Biomechanical cyclic loading test of a synthetic ligament fixation system used for intra-articular stabilization of deficient canine stifles

Open Vet J. 2022 May-Jun;12(3):341-350. doi: 10.5455/OVJ.2022.v12.i3.6. Epub 2022 May 29.

Abstract

Background: Cranial cruciate ligament rupture (CCLr) is the most common cause of hind limb lameness in dogs. Currently, surgical management of CCLr is mostly performed using tibial osteotomy techniques to modify the biomechanical conformation of the affected stifle. These surgical techniques have a significant complication rate, associated with persistent instability of the stifle which may lead to chronic postoperative pain. Over the last decade, studies have been published on various techniques of anatomical caudal cruciate ligament reconstruction in veterinary practice, using physiological autografts or woven synthetic implants.

Aim: The aim of this ex vivo biomechanical study is to investigate the ex vivo dynamic biomechanical behavior of a synthetic implant [ultrahigh molecular weight polyethylene (UHMWPE) implant] fixed with interference screws for the treatment of CCLr in dogs, according to a fatigue protocol (48 hours per test).

Methods: Seven stifles from four skeletally mature canine cadavers were implanted with the synthetic implant. It was fixed with four interference screws inserted in transversal and oblique tunnels in both the distal femur and the proximal tibia. For each case, 100,000 cycles were performed at 0.58 Hz, with traction loads ranging from 100 to 210 N.

Results: Neither screw-bone assembly rupture nor a pull-out issue was observed during the dynamic tests. Linear stiffness of the implants associated with a fixation system with four interference screws increased over time. The final displacement did not exceed 3 mm for five of the seven specimens. Five of the seven synthetic implants yielded to a lengthening in functional range (0-3 mm). Linear stiffness was homogeneous among samples, showing a strong dynamic strength of the interference screw-based fixations of the UHMWPE implant in the femoral and tibial bones.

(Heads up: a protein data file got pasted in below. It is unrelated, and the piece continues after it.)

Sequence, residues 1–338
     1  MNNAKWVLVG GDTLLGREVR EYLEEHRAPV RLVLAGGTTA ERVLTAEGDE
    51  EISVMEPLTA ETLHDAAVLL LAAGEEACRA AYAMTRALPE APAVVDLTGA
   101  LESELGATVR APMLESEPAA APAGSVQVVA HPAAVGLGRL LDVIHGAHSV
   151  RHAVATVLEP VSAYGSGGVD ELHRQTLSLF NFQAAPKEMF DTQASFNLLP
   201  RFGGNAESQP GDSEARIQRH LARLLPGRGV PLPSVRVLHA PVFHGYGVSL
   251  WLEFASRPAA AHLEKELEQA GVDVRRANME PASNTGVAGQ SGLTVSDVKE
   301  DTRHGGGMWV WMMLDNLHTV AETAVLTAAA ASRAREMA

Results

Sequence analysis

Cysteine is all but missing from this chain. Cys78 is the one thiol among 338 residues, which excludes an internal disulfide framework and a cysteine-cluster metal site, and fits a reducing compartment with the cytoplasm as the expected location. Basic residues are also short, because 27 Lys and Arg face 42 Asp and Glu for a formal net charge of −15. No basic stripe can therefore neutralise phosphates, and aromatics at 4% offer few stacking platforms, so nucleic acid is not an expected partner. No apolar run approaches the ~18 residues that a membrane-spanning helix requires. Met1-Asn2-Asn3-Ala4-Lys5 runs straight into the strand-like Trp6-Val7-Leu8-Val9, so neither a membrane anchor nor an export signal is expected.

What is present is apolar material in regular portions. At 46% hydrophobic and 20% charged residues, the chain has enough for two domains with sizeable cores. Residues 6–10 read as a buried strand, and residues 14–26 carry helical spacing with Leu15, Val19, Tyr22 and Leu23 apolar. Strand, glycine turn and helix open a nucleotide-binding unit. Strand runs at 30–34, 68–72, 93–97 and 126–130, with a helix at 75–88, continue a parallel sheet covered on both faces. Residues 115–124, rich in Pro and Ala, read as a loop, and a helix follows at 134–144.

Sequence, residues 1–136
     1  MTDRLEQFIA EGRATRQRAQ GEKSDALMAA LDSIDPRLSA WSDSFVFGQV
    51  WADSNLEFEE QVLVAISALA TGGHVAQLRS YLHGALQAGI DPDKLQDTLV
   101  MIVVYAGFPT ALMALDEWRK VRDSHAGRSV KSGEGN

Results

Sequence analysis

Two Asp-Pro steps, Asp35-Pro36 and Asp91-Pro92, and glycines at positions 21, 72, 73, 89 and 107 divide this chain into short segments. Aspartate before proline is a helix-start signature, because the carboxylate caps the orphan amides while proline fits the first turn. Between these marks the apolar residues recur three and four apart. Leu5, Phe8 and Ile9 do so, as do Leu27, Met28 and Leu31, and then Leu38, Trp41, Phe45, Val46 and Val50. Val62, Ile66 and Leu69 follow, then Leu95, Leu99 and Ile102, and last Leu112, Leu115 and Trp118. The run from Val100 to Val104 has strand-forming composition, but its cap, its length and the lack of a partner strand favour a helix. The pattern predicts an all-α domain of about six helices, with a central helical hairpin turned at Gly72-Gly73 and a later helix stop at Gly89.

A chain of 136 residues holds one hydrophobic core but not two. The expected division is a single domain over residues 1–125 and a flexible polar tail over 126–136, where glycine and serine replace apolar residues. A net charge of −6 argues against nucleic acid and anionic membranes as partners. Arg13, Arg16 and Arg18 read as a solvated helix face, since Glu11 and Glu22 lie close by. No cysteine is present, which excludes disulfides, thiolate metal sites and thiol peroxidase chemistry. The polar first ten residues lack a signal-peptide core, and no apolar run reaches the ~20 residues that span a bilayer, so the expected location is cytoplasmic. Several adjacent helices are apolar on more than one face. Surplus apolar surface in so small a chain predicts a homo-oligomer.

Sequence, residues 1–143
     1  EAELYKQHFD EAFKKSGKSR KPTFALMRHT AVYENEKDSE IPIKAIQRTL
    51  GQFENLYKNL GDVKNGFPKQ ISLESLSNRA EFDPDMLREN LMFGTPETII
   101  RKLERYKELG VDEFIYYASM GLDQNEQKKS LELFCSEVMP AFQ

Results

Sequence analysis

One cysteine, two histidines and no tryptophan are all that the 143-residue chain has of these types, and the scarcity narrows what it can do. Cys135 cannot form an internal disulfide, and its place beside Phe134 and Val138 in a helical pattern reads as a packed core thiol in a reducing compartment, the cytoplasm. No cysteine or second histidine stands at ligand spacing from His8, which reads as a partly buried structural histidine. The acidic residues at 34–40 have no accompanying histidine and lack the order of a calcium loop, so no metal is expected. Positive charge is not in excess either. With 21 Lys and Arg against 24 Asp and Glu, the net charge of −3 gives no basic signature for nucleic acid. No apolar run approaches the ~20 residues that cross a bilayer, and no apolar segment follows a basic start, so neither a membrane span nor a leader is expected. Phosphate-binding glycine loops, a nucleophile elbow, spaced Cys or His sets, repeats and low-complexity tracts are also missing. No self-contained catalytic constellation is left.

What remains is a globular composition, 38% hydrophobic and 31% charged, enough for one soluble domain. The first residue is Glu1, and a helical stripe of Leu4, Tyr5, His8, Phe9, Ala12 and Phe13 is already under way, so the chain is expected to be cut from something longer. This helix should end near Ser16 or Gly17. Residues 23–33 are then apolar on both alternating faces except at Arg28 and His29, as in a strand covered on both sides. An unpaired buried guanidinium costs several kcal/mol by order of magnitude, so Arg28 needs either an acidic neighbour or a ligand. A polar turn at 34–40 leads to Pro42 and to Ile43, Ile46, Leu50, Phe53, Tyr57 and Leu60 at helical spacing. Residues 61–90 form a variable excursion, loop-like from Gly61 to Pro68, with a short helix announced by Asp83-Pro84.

Conclusion: This study completes the existing literature on the biomechanical evaluation of passive stifle stabilization techniques with a testing protocol focused on cyclic loading at a given force level instead of driven by displacement. These biomechanical results should revive interest in intra-articular reconstruction after rupture of the CCLr in dogs.

Keywords: Biomechanical analysis; Cranial cruciate ligament; Dog; Synthetic ligament reconstruction; UHMWPE implant.

MeSH terms

  • Animals
  • Anterior Cruciate Ligament / surgery
  • Anterior Cruciate Ligament Injuries* / surgery
  • Anterior Cruciate Ligament Injuries* / veterinary
  • Biomechanical Phenomena
  • Bone Screws / veterinary
  • Dog Diseases*
  • Dogs
  • Stifle / surgery